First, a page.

Einstein claimed that the definition of insanity is “doing the same thing over and over again and expecting different results.” If that’s true, then too many people don’t see what’s wrong with their resume, and continue to make the same mistake.
Scott came to the other day with versions of his resume that he had paid different resume writers to write. He complained that he had made substantial changes to each one, but none of them had generated any interviews. He was hoping that I could help.
I asked him to look at the sample resumes posted on my website. That way, before he parted with any additional dollars, he would clearly understand my approach to resume writing, and not feel that he was going to have to revise my work.
So Scott looked and told me that my resumes were “interesting,” but what he wanted was one “like his other ones, but better written.”
Makes sense, right? Instead of understanding what was wrong with his resume, Scott thought he should continue in the same vein.
Here’s what recruiters say is wrong with your resume
I periodically survey the recruiters and HR professionals in my network about what does and doesn’t work in resume writing, and while opinions sometimes differ, we all agree that we hate resumes that begin like this:
Accomplished, charismatic, and strategic Sales Executive experienced in driving revenue growth in B2B/B2C, E commerce, Technology (SaaS), and Financial Services. Recognized for ability to build, develop, and coach world class sales teams to achieve metoric [sic] goals and quotas.Extremely polished, and able to effectively interact and close sales with C-level Executives. Highly proficient in building and developing channel partner relationships, strategic business development,and sales team management.
What’s wrong with this, you ask? Well, for starters, let’s talk about all those adjectives this person uses to describe himself: he’s accomplished, charismatic AND strategic!” Wow.
He claims to drive revenue growth, but how does he substantiate this claim? He’s recognized (by whom?) for his ability to build world-class teams! (the rest of you guys are clearly only building local-class teams, the not-ready-for-prime time types). And best of all, these teams achieve meteoric levels, even if their leader can’t spell.
Nowhere on this person’s resume is there any evidence of these claims. I mean, if I told you that I was the BEST resume writer in the world, why would you believe me? However, if I told you that 85% of my clients who report back tell me that the new resume was getting them interviews, that gives you a pretty good indication of the quality of my work.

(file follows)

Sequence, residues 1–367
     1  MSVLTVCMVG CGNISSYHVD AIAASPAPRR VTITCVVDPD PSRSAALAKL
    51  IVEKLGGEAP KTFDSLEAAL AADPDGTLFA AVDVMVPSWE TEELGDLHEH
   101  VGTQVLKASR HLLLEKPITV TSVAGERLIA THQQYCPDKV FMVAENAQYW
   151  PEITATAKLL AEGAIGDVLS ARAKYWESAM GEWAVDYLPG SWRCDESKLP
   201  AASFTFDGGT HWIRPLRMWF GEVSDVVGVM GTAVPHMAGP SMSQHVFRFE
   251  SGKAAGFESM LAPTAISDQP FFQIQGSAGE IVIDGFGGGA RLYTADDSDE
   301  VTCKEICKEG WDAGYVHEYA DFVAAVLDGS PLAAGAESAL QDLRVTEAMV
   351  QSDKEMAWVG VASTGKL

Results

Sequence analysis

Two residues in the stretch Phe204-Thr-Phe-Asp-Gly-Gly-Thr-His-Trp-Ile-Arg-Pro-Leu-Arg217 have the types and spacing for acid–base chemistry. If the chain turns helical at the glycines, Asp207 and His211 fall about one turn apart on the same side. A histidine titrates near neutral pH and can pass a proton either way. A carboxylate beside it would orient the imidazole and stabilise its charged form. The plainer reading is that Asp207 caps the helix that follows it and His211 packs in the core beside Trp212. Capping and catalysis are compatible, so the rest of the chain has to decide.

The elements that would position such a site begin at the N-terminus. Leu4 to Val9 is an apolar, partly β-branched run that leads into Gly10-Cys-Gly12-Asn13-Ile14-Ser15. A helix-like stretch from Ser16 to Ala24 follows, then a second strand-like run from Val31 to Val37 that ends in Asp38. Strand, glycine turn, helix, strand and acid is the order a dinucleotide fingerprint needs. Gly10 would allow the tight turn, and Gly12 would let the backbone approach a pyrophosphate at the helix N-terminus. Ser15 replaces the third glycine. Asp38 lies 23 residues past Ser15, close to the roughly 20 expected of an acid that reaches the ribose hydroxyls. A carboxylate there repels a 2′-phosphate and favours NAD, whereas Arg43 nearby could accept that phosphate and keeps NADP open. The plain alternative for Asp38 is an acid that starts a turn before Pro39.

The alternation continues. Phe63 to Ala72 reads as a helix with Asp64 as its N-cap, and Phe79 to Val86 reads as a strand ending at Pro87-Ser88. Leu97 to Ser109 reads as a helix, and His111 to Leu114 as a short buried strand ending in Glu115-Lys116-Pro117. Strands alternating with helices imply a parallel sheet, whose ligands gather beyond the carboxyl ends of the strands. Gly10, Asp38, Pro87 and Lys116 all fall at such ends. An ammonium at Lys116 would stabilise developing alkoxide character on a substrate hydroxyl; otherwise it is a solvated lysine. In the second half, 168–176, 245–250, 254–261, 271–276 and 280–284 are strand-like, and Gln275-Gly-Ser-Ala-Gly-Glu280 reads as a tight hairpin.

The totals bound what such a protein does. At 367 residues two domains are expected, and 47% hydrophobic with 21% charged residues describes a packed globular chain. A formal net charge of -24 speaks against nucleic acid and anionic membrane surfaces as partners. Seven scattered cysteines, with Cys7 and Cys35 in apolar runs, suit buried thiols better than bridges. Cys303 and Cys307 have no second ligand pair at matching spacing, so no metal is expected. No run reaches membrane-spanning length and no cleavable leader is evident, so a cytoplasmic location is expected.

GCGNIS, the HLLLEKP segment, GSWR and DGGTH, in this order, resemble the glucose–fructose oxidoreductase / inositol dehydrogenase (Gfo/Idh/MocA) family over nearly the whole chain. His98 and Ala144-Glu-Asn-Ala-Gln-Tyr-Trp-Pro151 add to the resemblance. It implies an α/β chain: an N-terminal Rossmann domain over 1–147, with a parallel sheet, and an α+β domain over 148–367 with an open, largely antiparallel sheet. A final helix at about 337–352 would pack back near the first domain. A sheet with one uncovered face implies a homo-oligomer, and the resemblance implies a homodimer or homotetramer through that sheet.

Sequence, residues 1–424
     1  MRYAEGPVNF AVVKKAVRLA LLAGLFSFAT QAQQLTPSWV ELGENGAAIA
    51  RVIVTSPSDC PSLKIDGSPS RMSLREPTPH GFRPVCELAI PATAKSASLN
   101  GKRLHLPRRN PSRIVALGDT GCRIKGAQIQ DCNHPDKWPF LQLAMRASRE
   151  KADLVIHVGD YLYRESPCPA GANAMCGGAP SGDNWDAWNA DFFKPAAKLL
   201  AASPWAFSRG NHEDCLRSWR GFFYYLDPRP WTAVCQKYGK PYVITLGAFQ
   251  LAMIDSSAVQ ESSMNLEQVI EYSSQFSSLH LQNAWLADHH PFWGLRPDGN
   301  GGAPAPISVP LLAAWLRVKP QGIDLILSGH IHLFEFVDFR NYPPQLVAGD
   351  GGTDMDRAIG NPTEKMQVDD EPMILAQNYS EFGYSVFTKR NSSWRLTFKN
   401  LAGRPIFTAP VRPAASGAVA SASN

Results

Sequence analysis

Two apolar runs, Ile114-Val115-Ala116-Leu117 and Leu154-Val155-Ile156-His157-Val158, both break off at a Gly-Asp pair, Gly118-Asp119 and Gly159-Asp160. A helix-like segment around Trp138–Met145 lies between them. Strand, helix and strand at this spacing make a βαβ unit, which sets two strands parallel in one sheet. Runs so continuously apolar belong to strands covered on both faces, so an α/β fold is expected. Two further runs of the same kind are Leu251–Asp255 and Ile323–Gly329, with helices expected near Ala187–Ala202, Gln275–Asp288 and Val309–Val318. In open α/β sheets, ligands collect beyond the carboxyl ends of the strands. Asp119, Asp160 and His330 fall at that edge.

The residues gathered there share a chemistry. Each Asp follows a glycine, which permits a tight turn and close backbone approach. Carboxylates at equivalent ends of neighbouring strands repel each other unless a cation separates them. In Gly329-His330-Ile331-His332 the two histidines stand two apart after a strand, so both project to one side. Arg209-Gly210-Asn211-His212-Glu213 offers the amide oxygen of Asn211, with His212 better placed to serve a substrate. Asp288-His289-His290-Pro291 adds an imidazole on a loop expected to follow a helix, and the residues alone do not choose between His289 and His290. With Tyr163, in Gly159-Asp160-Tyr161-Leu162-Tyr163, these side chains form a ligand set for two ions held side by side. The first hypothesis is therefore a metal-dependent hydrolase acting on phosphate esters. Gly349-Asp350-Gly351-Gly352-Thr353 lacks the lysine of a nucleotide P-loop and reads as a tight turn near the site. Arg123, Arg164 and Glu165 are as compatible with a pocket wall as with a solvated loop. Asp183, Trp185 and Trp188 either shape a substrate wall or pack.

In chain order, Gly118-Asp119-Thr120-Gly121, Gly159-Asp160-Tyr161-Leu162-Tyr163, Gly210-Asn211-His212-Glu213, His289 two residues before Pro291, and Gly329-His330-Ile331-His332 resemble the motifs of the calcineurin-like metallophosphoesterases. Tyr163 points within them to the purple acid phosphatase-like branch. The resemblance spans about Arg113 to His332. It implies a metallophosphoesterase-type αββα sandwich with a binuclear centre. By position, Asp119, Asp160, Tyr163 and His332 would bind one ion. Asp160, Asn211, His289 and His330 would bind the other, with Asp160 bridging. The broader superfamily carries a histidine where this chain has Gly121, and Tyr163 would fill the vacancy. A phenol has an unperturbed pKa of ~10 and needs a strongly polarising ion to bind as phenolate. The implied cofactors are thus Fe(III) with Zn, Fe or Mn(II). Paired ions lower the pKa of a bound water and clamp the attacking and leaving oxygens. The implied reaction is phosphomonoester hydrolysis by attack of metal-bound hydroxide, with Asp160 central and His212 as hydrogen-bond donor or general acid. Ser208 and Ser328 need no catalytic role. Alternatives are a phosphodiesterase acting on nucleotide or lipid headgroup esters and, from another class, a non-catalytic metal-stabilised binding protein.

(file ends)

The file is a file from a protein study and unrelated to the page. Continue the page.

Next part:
Here’s how to fix what’s wrong with your resume
As I’ve written before, “What You Want, Baby I Got is the Key to a Great Resume,” first up, a resume has to say, “this is who I am, and this is what I do, and I’m real great at the XYZ that needs to be done.” Next, you have to demonstrate your greatness at the XYZ. Identify at least 5 specific examples of any of the traits you want to be known for. The “charismatic” guy? How about relating a “for example” of an accomplishment that was driven by his charisma? As for all that revenue driving, how about backing up the claim with some specifics, like “Grew annuity software business 64% y-y to $188M.”
When I work with clients, I ask them to tell me stories about a specific instance where there was a problem, and they did something about it that achieved a positive outcome on account of their input or action. They tell me a few stories, and I turn them into bullets. This bullet came from a story that Steve, an engineer told me.
Avoided expense of moving 800K pound dredge needed to dig a lake by taking it apart, reassembling near the location and utilizing laws of physics for placement
Steve was called for an interview by his target employer 3 days after he applied.
And instead of a bunch of meaningless, hyperbolic hackneyed words, recruiters, et al are introduced on paper to a unique individual. Someone who has an intriguing story to tell. Someone who they will likely want to invite in for an interview.
At which point, it’s up to your accomplished, charismatic and strategic self to nail a job offer.
If your current resume bears any similarity to the one quoted above, you’ll want to read about my pricing and process.